Law firms Gibson, Dunn & Crutcher LLP and Strumwasser & Woocher LP are on track to be selected as the outside attorneys for the California Citizens Redistricting Commission as the group draws new congressional, legislative, and tax districts for the next 10 years.
The bipartisan commission oversees creation of new district maps that will influence political power in California for a decade and likely spark intense partisan court battles. Commissioners voted Thursday to allow the legal affairs committee to start negotiating terms of the deals, and will make a final decision on hiring the firms the week of April 12.
The vote comes after commissioners, voting rights advocates, and members of the public voiced concerns over the past week about Gibson Dunn’s political and legal conflicts of interest, as well as the firm’s high costs when it worked for the commission during the 2010 redistricting cycle.
The Gibson Dunn legal team includes veteran attorney Ted Boutrous, who worked to defeat California’s gay marriage ban and sought to defend former President Donald Trump’s detractors against defamation claims. Boutros has been a frequent critic of the Trump administration, its Republican supporters, and GOP efforts to revise voting laws.
Strumwasser & Woocher, aided by elections expert David Becker, was selected by the legal affairs committee last week to counsel the commission on Voting Rights Act compliance as it draws new maps. Both firms were chosen to defend the commission in court when the new districts are challenged.
Gibson Dunn’s size and resources were attractive to commissioners, and contributed to the legal affairs committee’s decision to recommend the firm. The nearly 1,400-lawyer firm brings in more than $2 billion in gross revenue per year, according to data compiled by The American Lawyer magazine.
“We need to have the biggest guns on our side, and not on somebody else’s,” Russell Yee, a Republican commissioner and member of the legal affairs committee, said last week.
But Yee and others also questioned Gibson Dunn’s political past—firm partner Ted Olson represented former President George W. Bush in contentious litigation over the 2000 presidential election—as well as its partners’ and associates’ prolific donations to candidates and political action committees.
“I’m a little concerned about, are we setting precedent by doing this?” said Commissioner Jane Andersen, a Republican. Andersen and another commissioner, Republican Derric Taylor, abstained from voting to move forward on hiring the firm.
A conflict-of-interest report posted to the commission’s website denotes over $69,700 in political donations and lobbying contracts that Gibson Dunn’s partners and associates failed to initially disclose to the commission. That includes a $20,000 federal lobbying contract representing Sudanese victims of terrorism, as well as a $11,200 donation to President Joe Biden’s campaign from Boutrous.
The firm donated nearly $1.7 million to candidates in federal political races during the 2020 election cycle, according to the Center for Responsive Politics. The contributions, largely through individual donations, skewed largely in favor of Democrats (74%) over Republicans (26%).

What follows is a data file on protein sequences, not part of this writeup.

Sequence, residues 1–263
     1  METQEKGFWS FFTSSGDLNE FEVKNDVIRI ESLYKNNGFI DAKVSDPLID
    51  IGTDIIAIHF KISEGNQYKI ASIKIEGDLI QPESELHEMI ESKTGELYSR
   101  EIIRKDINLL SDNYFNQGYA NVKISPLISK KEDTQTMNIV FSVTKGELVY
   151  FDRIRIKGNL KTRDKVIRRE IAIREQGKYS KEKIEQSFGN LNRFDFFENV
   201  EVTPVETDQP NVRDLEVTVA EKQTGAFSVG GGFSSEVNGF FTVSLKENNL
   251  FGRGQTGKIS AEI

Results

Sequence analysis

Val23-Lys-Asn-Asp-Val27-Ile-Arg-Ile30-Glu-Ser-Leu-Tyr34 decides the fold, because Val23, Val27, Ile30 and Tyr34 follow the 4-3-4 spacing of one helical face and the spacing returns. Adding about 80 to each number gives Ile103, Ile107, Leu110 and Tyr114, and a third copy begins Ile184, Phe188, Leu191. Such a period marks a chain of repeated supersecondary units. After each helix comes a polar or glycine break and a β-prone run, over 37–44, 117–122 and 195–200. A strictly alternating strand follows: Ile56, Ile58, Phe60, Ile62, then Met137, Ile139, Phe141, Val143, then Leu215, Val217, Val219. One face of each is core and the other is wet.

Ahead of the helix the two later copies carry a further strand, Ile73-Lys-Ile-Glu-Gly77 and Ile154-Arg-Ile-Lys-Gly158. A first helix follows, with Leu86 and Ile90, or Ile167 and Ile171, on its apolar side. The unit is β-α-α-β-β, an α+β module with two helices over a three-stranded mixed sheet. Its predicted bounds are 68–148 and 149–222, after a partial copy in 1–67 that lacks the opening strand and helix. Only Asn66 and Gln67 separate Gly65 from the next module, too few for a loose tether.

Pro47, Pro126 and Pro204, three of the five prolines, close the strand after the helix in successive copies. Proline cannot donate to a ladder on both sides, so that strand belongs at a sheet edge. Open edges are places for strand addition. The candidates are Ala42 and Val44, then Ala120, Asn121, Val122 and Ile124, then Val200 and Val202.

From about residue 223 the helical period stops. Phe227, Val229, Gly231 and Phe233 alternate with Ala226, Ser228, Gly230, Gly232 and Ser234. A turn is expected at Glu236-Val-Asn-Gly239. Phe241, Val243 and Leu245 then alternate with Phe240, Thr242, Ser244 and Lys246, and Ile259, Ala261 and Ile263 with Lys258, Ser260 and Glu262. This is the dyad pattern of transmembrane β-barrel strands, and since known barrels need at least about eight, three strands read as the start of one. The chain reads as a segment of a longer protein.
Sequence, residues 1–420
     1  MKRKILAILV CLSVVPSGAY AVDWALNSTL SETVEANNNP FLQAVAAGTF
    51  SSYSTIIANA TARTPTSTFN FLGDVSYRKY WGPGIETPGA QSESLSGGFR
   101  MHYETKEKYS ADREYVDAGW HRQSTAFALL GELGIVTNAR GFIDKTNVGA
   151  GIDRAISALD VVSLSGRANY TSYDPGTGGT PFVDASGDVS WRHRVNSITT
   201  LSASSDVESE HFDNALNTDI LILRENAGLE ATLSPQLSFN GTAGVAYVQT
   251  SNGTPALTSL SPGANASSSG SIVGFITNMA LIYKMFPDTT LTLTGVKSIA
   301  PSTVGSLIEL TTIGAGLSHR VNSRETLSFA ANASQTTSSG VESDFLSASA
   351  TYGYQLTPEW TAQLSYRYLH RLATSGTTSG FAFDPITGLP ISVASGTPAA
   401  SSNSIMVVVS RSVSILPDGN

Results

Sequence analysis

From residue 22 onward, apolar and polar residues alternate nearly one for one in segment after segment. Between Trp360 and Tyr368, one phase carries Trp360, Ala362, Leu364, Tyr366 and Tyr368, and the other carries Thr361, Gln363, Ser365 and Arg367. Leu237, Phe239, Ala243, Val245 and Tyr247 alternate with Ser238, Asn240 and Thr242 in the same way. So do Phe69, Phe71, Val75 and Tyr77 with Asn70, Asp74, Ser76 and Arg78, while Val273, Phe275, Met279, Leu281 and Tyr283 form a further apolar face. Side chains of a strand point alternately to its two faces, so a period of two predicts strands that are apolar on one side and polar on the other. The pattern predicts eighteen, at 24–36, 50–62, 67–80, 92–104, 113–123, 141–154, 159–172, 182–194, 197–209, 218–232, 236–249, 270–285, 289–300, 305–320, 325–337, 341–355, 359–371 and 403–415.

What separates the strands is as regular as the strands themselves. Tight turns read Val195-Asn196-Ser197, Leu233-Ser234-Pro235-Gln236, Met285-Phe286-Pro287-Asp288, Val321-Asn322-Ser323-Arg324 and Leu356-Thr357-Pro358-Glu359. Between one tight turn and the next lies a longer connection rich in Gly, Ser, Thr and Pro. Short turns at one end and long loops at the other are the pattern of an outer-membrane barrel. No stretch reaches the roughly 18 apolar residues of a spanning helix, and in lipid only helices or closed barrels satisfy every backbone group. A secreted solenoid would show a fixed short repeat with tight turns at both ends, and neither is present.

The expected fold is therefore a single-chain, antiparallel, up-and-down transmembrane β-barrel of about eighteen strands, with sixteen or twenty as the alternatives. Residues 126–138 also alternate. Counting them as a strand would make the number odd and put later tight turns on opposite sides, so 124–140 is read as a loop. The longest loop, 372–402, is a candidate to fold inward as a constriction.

In a March 27 letter, Gibson Dunn partner Kahn Scolnik told commissioners that he didn’t think the commission’s request for information on political contributions applied to donations from the firm’s individual attorneys, and apologized for the confusion it may have created.
Strumwasser & Woocher also failed to disclose over $58,000 in political money to the commission, the bulk coming from a $50,000 contract for a campaign to make health insurance companies justify their rates.
California Voting Rights Act
Commissioners and advocates have also focused on Gibson Dunn’s current involvement in a California Voting Rights Act case.
In Pico Neighborhood Assn. v. City of Santa Monica, Cal., No. S263972, currently before the California Supreme Court, the firm is representing Santa Monica against allegations that the city violated the act in holding at-large elections, a practice challengers say discriminates against Latino voters.
Scolnik told the commission last week that the firm’s involvement in the case would not affect its work as legal counsel, and that a California Supreme Court ruling may not come until after the firm is done representing the commission.
Gibson Dunn served as both the voting rights act and litigation counsel 10 years ago, sharing the litigation role with Morrison & Foerster. In 2012, Gibson Dunn billed the commission nearly $1.1 million for its litigation services, according to commission records, one-and-a-half times what Morrison & Foerster charged.
Those high costs addled the cash-strapped agency, said Cynthia Dai, a former Democratic commissioner who chaired the finance and administration committee during the 2010 redistricting cycle.
“They really billed for everything, and that completeness came at a big cost to California taxpayers,” Dai said in an interview.
Though it’s not certain how much the firms will be paid through the end of the redistricting cycle, the commission has set aside $3.25 million for legal and related services through June 30, 2022, according to the latest budget. The commission also set aside $4.3 million to pay for litigation related to the maps.
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